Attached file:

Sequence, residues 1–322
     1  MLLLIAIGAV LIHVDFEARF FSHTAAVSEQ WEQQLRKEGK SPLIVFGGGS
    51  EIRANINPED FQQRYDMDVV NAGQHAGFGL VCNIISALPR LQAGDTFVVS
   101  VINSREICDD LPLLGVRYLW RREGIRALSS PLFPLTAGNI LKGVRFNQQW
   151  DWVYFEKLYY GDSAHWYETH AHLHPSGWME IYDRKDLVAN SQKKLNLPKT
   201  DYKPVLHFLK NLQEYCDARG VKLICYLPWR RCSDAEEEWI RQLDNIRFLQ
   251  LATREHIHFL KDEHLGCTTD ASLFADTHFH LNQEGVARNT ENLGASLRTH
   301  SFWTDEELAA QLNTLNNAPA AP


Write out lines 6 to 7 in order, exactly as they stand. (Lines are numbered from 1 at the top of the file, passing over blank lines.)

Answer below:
   201  DYKPVLHFLK NLQEYCDARG VKLICYLPWR RCSDAEEEWI RQLDNIRFLQ
   251  LATREHIHFL KDEHLGCTTD ASLFADTHFH LNQEGVARNT ENLGASLRTH